12. Michael J. Fleming & Kenneth D. Garbade & Frank Keane, 2005. "Anomalous Bidding In Short-Term Treasury Bill Auctions," Journal of Financial Research, Southern Finance Association;Southwestern Finance Association, vol. 28(2), pages 165-176.
    13. Lacker, Jeffrey M., 2004. "Payment system disruptions and the federal reserve following September 11, 2001," Journal of Monetary Economics, Elsevier, vol. 51(5), pages 935-965, July.
    14. Torben G. Andersen & Luca Benzoni, 2010. "Do Bonds Span Volatility Risk in the U.S. Treasury Market? A Specification Test for Affine Term Structure Models," Journal of Finance, American Finance Association, vol. 65(2), pages 603-653, April.
    15. Kenneth D. Garbade & John Kambhu, 2005. "Why is the U.S. Treasury contemplating becoming a lender of last resort for Treasury securities?," Staff Reports 223, Federal Reserve Bank of New York.
    16. Michael J. Fleming & Kenneth D. Garbade, 2004. "Repurchase agreements with negative interest rates," Current Issues in Economics and Finance, Federal Reserve Bank of New York, vol. 10(Apr).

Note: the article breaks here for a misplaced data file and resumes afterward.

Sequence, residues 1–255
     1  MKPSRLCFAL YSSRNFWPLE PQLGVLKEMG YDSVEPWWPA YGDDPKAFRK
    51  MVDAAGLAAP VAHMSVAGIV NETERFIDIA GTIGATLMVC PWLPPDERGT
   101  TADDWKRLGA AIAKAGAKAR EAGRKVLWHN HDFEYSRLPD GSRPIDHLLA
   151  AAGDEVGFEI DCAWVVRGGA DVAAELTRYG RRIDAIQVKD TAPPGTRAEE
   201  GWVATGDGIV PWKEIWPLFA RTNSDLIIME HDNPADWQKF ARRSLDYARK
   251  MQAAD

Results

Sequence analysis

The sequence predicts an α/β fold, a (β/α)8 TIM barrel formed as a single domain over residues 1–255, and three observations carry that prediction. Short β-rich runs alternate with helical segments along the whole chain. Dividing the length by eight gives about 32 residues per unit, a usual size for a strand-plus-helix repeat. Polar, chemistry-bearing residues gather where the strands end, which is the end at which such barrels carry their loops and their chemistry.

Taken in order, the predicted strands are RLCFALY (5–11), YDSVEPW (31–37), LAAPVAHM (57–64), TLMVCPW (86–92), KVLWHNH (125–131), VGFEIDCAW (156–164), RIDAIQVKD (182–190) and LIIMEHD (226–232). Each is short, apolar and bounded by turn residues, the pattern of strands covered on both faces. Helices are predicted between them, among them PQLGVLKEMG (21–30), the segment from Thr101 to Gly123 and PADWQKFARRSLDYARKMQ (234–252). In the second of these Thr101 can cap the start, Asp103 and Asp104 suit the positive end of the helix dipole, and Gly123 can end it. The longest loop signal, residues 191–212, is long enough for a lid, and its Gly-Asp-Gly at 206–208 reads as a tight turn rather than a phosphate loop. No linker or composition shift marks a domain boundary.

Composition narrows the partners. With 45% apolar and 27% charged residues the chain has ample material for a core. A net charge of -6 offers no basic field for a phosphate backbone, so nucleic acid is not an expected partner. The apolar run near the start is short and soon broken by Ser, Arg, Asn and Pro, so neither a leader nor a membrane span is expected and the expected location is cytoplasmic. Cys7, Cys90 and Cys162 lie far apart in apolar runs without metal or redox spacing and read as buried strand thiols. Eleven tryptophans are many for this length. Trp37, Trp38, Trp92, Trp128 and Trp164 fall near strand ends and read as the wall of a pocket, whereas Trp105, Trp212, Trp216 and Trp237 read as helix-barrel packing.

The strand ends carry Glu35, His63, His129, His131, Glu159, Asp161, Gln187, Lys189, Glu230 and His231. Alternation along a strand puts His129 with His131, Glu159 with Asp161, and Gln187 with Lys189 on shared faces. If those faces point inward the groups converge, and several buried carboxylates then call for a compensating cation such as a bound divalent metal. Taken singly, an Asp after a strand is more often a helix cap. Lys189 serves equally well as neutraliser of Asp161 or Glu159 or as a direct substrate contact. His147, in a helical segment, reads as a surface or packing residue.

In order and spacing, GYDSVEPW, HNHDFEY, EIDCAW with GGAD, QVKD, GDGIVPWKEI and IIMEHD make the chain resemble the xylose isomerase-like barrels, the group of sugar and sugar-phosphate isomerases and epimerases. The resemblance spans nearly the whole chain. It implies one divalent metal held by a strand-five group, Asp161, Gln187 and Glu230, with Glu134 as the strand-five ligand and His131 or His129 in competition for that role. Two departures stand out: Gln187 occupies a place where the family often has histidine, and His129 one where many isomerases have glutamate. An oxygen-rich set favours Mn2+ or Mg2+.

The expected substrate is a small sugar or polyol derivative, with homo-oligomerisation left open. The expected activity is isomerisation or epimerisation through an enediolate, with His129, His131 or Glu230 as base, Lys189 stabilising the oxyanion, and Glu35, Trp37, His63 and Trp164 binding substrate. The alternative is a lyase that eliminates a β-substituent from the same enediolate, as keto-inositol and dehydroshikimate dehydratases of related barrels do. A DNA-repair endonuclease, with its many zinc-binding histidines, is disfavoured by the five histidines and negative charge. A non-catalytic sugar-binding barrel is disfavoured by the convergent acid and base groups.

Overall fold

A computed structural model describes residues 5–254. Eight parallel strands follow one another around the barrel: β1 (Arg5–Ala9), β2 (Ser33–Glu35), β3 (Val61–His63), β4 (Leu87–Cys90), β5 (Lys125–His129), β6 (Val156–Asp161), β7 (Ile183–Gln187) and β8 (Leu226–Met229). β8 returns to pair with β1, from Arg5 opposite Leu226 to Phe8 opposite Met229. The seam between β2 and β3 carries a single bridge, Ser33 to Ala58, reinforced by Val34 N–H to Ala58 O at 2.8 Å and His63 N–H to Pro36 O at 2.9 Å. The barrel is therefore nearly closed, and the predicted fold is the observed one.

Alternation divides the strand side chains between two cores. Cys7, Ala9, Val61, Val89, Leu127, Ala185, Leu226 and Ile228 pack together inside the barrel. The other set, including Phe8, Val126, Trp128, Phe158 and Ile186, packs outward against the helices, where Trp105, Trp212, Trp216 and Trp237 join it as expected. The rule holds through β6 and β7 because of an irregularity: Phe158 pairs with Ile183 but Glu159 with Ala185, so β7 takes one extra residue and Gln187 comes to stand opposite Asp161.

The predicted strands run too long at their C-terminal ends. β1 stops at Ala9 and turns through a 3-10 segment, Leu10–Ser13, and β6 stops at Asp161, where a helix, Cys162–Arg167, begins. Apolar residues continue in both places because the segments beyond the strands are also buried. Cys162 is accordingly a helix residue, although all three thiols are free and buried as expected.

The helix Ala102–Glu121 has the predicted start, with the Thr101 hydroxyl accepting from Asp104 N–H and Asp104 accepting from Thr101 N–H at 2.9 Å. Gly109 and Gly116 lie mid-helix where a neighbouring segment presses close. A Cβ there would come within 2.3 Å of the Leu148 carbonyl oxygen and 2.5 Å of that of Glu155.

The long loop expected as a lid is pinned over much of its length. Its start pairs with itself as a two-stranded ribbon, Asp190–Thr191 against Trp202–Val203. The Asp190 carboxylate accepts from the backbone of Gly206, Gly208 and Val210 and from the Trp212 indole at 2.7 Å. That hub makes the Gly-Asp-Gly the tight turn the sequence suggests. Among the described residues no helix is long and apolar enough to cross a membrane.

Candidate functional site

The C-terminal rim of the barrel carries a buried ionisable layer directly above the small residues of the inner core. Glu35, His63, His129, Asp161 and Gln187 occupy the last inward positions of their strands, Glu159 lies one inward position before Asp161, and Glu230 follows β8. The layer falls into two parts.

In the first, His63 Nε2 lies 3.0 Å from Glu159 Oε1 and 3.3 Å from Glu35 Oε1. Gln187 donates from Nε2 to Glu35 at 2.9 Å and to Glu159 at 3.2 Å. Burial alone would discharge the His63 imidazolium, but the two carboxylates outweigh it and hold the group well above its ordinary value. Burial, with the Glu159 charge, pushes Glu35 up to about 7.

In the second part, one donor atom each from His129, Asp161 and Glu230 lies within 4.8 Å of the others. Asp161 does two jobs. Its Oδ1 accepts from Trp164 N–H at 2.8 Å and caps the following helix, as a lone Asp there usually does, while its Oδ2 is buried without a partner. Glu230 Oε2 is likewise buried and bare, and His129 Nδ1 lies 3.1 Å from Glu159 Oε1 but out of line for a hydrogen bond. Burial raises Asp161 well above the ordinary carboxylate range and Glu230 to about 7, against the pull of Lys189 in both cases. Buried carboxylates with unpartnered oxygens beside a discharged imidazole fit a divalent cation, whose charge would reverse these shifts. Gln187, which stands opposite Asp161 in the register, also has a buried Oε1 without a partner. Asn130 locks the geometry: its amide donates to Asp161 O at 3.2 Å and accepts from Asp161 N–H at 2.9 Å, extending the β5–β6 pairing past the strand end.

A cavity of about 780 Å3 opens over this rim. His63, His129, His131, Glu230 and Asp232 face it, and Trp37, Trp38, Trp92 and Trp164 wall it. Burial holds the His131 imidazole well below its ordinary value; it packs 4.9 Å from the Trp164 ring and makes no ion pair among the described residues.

17. Bank for International Settlements, 2015. "Central bank operating frameworks and collateral markets," CGFS Papers, Bank for International Settlements, number 53.
    18. Kenneth D. Garbade & Matthew Rutherford, 2007. "Buybacks in Treasury cash and debt management," Staff Reports 304, Federal Reserve Bank of New York.
    19. Boni, Leslie, 2006. "Strategic delivery failures in U.S. equity markets," Journal of Financial Markets, Elsevier, vol. 9(1), pages 1-26, February.
    20. Jagannathan, Ravi & Jirnyi, Andrei & Sherman, Ann Guenther, 2015. "Share auctions of initial public offerings: Global evidence," Journal of Financial Intermediation, Elsevier, vol. 24(3), pages 283-311.
    21. Stratmann, Thomas & Welborn, John W., 2013. "The options market maker exception to SEC Regulation SHO," Journal of Financial Markets, Elsevier, vol. 16(2), pages 195-226.
    22. Silber, William L., 2005. "What happened to liquidity when world war I shut the NYSE?," Journal of Financial Economics, Elsevier, vol. 78(3), pages 685-701, December.